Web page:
National Council on Problem Gambling to lead Problem Gambling Awareness Month

March 4, 2024
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This year's Problem Gambling Awareness Month will focus on the theme ‘every story matters' and will bring public health organizers, operators and advocacy groups together.

The National Council on Problem Gambling (NCPG) will lead March’s Problem Gambling Awareness Month (PGAM), with 2024’s theme set as ‘every story matters.’

The event intends to increase problem gambling awareness among both players and industry stakeholders, promoting services for addiction treatment, prevention and recovery.  

The theme of this year taps into the personal nature of gambling addiction, championing stories of recovery while also encouraging open conversations about the struggle of addiction. The campaign intends to spotlight different methods of recovery, with PGAM attempting to ‘reshape public perception, educate communities and heighten awareness surrounding problem gambling.’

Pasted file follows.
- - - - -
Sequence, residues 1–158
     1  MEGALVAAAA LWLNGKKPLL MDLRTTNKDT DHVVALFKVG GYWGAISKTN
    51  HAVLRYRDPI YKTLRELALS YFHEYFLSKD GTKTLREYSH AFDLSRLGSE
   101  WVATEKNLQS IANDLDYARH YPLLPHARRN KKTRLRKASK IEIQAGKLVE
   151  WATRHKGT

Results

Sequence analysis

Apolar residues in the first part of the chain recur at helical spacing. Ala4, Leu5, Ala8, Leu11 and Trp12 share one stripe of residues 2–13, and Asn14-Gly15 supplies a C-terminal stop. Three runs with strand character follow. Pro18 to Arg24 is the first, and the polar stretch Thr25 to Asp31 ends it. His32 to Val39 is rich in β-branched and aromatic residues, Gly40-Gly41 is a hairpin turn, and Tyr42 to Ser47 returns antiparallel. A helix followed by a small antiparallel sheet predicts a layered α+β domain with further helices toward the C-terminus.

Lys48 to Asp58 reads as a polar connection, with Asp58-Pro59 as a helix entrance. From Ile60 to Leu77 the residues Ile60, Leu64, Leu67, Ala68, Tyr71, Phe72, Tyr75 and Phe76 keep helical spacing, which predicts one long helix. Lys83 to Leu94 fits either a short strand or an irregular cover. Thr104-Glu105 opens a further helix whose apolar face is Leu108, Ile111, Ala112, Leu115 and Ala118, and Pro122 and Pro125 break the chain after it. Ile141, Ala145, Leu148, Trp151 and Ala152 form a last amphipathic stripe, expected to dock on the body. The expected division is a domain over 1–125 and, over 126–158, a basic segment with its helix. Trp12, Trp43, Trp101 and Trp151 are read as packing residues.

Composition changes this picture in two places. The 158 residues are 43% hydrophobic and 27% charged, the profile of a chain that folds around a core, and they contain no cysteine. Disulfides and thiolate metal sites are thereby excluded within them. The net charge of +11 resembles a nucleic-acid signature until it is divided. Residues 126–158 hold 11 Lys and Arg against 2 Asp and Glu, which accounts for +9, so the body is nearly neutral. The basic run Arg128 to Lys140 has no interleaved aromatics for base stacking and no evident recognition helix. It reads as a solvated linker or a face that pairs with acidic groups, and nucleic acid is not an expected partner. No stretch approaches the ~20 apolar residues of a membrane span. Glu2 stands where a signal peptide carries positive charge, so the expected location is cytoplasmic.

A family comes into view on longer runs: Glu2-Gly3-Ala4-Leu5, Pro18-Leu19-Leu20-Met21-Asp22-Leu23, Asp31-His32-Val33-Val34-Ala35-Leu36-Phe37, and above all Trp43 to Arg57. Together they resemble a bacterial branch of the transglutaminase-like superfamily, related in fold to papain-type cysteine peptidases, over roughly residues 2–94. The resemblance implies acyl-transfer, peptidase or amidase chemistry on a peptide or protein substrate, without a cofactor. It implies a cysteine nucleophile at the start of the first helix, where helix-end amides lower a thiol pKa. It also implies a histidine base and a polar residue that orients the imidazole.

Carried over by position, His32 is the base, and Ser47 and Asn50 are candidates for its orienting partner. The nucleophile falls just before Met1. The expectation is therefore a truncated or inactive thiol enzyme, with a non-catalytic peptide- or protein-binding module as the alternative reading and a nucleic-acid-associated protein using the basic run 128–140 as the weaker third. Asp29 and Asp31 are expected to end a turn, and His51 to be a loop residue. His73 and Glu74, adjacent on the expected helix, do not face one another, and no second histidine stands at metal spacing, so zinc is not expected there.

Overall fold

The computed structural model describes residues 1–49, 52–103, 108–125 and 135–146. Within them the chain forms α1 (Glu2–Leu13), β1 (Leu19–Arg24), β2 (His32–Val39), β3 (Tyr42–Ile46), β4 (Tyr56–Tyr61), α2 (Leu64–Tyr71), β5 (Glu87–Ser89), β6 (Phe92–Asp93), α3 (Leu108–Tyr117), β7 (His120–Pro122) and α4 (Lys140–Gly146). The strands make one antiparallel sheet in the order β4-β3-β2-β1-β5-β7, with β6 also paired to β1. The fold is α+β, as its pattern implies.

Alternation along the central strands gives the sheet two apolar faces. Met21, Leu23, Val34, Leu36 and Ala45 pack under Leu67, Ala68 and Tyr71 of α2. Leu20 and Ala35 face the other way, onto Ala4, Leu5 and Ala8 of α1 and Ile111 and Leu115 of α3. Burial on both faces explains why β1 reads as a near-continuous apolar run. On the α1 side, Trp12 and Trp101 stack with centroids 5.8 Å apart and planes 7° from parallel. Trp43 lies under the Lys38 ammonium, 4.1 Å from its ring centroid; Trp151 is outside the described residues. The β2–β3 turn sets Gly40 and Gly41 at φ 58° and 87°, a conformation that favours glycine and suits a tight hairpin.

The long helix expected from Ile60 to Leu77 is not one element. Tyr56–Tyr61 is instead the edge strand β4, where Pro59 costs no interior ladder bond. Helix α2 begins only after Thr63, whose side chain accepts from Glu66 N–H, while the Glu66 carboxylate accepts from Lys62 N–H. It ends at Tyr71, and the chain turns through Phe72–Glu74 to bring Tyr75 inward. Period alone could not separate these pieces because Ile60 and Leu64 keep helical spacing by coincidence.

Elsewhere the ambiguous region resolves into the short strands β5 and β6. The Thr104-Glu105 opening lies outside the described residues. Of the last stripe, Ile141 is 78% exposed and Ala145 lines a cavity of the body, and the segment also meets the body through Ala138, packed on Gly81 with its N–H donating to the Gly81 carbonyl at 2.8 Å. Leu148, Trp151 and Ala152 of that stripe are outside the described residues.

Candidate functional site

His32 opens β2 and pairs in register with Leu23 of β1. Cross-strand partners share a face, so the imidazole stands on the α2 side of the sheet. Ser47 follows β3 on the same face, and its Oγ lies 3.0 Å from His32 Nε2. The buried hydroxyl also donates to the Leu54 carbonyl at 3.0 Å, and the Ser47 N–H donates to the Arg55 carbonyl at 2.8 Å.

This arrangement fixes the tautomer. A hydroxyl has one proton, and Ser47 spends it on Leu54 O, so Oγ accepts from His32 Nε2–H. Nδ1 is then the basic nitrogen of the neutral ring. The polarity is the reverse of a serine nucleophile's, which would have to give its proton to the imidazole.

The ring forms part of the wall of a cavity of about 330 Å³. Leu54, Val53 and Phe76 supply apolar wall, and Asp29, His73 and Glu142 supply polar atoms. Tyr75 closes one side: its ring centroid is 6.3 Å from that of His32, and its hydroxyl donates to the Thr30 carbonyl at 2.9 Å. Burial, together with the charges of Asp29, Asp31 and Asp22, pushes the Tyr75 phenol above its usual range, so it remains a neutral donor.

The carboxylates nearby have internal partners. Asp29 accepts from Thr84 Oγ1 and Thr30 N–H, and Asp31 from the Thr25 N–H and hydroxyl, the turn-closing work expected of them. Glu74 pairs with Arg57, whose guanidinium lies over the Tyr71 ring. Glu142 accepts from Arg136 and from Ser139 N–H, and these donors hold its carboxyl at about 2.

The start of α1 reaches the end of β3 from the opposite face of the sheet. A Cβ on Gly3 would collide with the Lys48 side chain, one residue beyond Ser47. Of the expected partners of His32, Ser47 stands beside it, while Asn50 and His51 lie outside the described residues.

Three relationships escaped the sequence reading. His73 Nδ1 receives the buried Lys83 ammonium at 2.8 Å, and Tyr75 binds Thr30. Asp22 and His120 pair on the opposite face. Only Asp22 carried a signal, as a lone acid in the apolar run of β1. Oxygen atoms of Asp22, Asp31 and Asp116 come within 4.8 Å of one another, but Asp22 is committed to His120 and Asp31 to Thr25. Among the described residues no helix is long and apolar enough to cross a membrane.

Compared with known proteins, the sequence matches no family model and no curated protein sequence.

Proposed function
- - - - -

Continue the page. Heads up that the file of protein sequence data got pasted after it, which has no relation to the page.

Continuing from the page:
The theme has also been championed by the Pennsylvania Gaming Control Board (PGCB) in the lead-up to March.  

The NCPG estimates that nine million Americans are affected by problem gaming, with $14bn in annual national social costs. Furthermore, problem gambling helplines across the states have reported increased annual traffic, with usage up 55% in Ohio and also up in Florida, where it has struggled “to meet demand after sports betting apps allowed more consumers to make bets.” 

The month will see industry stakeholders, including operators, sports leagues, advocacy groups and public health organizations come together to organize and participate in workshops, awareness campaigns and events throughout March.

On the event, NCPG Executive Director Keith Whyte said, "Problem gambling is a clear and growing public health risk, affecting millions of individuals and their loved ones. Yet, our research indicates that fewer than 50% of Americans know where to get help for a gambling problem.  

“By increasing awareness and fostering an open dialogue about problem gambling, we can work to reduce the stigma surrounding gambling addiction and promote the resources available for treatment and recovery.” 

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